In this approach, one would assume the role of the Opposition to increase. In a clear surrender by the members of the majority party to the supreme leader, the Opposition should ideally advance its critique on the government. However, there is an image that the government too has of the Opposition, and it constantly tries to capture the Opposition in that image. The government chooses the Opposition to play the enemy of the supreme leader; hence it also becomes the enemy within the legislature. The Opposition is assumed to stage an opposition to the bills, while the government would “defeat” the Opposition majestically. Since the government enjoys a full majority, there is no way that the Opposition would “win” against a bill. But the government constantly likes to remind the Opposition of the position that they hold. Though the members of the Opposition are also elected by the very citizens of this country, the government still has no regard for such an authorization. Exercising such an approach helps the government to the point that it is declared victor again and again. However, it ends a possible dialogue between the government and leaders representing people.

The decline of the status of the opposition only debars people in having any true conversation with the government. In a possible confrontation of the people with its own government, they are robbed of representation in the legislature. Haven’t we witnessed the same during the Farmers’ Protests and the anti-CAA agitation. The media, while reporting the farmers’ protests, claimed that the protests were hijacked because they received support from the Opposition. After the repeal of Article 370, the visits by Opposition leaders to the state of Jammu & Kashmir were seen as “political” acts, devoid of the fact that they were people’s representatives.

Moving back to theory, reading the three social contract theorists – Hobbes, Locke and Rousseau, one might find it curious as to how they viewed the position of the government vis-à-vis the people. Hobbes, the first of the three, argued that since government was established to protect people from each other, the people are obliged to surrender their liberties to the government. The government is above, while the people are below it. Locke disagreed. Locke argues that people and the government bind each other in a contract. The government cannot exceed the limitations of the contract. Locke imagines the government and the people to be on an equal footing. For Rousseau, the government consists of nothing but employees employed by the people. Inspired by Montesquieu, Rousseau establishes the legislature as an institution where laws are made and expresses a government which only executes the will of those laws. Thus, the people are above, while the government below, serving only as an employee. Modern democracies are supposed to follow Rousseau’s model. Needless to say, we haven’t. Democracies have only allowed legislatures to be subordinate to executives, constantly being whipped by “supreme leaders”.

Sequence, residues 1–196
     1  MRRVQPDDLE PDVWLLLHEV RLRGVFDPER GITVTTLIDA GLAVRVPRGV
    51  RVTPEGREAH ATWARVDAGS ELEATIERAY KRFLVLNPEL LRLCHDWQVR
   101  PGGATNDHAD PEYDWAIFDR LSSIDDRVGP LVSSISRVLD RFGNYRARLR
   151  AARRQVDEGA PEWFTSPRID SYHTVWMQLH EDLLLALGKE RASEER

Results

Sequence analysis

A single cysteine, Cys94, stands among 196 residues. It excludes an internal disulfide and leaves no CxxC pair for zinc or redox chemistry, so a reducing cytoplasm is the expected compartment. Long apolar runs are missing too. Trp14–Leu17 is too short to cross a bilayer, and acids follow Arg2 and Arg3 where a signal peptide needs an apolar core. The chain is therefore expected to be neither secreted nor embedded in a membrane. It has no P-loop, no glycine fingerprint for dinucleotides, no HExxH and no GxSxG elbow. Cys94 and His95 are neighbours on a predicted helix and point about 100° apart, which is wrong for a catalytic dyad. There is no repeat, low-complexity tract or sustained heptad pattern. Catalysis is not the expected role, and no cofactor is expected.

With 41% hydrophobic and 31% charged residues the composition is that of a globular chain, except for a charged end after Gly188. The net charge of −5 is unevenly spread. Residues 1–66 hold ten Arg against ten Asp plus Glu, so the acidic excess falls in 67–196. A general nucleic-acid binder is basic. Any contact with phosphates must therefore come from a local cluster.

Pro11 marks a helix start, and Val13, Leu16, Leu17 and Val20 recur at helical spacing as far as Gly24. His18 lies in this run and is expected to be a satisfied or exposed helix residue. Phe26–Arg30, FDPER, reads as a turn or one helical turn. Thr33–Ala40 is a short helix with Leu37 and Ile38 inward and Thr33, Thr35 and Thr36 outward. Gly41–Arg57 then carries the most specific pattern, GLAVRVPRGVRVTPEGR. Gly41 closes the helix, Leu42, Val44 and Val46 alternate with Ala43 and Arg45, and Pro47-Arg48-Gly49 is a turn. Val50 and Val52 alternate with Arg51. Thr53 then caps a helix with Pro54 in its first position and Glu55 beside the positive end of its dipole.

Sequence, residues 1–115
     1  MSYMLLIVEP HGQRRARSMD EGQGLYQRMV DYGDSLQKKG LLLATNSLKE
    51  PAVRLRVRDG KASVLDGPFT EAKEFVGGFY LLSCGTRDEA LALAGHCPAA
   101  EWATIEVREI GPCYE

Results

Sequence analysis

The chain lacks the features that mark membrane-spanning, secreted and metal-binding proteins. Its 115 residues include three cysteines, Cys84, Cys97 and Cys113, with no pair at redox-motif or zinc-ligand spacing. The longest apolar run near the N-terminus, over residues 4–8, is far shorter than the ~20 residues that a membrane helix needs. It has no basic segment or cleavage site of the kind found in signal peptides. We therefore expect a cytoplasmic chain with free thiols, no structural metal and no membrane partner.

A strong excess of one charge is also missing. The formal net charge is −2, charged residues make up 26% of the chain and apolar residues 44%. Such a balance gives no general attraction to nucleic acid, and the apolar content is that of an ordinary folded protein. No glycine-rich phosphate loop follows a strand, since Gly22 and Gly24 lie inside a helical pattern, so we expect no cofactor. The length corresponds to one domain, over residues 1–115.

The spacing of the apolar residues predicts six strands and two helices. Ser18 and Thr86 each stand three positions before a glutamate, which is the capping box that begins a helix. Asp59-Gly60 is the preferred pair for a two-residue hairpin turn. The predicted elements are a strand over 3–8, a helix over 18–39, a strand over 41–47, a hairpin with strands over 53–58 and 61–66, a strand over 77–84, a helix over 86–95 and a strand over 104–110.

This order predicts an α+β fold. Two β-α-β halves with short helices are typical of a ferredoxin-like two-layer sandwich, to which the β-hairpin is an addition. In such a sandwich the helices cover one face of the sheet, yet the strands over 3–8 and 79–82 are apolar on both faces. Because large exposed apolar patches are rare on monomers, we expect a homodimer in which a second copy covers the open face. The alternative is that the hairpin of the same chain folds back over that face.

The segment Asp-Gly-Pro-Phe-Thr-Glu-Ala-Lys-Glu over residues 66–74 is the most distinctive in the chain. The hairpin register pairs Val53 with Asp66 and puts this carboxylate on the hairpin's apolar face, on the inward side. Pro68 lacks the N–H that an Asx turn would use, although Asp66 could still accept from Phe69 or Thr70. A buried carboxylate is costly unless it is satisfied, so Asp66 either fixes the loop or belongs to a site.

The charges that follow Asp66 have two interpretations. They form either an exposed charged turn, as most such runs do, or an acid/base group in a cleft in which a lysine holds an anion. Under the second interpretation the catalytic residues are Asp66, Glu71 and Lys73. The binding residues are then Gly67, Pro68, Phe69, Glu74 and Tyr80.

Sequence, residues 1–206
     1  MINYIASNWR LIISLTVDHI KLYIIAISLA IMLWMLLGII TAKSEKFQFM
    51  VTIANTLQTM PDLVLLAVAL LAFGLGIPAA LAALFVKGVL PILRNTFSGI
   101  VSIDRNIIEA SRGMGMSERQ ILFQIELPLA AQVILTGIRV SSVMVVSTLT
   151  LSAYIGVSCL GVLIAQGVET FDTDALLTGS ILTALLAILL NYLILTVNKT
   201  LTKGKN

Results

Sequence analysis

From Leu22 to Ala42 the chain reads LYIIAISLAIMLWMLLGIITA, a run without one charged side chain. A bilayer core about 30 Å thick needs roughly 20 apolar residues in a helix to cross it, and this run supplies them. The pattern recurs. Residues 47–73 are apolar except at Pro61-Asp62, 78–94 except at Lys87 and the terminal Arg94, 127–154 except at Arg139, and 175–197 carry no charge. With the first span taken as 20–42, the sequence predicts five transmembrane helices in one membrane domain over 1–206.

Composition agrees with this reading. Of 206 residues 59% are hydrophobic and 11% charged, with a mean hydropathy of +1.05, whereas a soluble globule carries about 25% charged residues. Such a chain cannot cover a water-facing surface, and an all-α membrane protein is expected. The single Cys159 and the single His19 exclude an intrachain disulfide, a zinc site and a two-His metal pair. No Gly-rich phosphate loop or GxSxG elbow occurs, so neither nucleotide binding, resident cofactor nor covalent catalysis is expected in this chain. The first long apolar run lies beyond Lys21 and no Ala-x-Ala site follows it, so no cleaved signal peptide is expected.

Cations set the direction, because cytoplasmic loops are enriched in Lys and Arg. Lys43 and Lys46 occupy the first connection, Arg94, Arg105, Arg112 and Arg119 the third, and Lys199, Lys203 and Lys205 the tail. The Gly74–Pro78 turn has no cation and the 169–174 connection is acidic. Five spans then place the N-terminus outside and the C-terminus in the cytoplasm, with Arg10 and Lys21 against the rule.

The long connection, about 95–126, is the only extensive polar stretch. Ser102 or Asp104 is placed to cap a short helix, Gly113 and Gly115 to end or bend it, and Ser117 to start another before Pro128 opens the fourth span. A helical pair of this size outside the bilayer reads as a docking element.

The reason is not difficult to trace. Electoral victories empower the “victors” to capture on the legislative. Legislatures thus become a mere tool for the Executive. Electoral politics thus blind the masses to the point that we forget why we had established legislatures. Legislatures have become the outcome of a game of numbers, divided between winners and losers. Their duty to legislate, to keep a check on the government, to provide a feedback to policies is undermined.

For the past few years, we have read several articles on the declining trust on the judiciary. We have often heard intellectuals argue that the judiciary has been compromised. We have forgotten that the first check on the government or the executive was the legislative and not the judiciary. We have imprinted on ourselves that legislatures are meant to be exploited – that the days of Nehru are gone, when members of his own party would interrogate him for hours. The crumbling of the legislature cannot be traced to the supreme leaders of the day, who might have been very much responsible for the position that the judiciary is in today. The crumbling of the Indian Legislature has to be blamed on the people who have stopped expecting from their own representatives.

Sahil is the CYSS Maharashtra President, having worked as a psephologist for the AAP in 2020 Delhi elections, studied political management and governance from MIT School of Government.

Photo Credits: Prakash Singh/AFP

1 comment

  1. Agree with the summary of the article, it is upon the people of the nation to reinstate the duties and consequentially the faith in the legislature. A short explanation of the three bodies, executive, legislative and judiciary to establish their duty/relationship with each other would have been nice.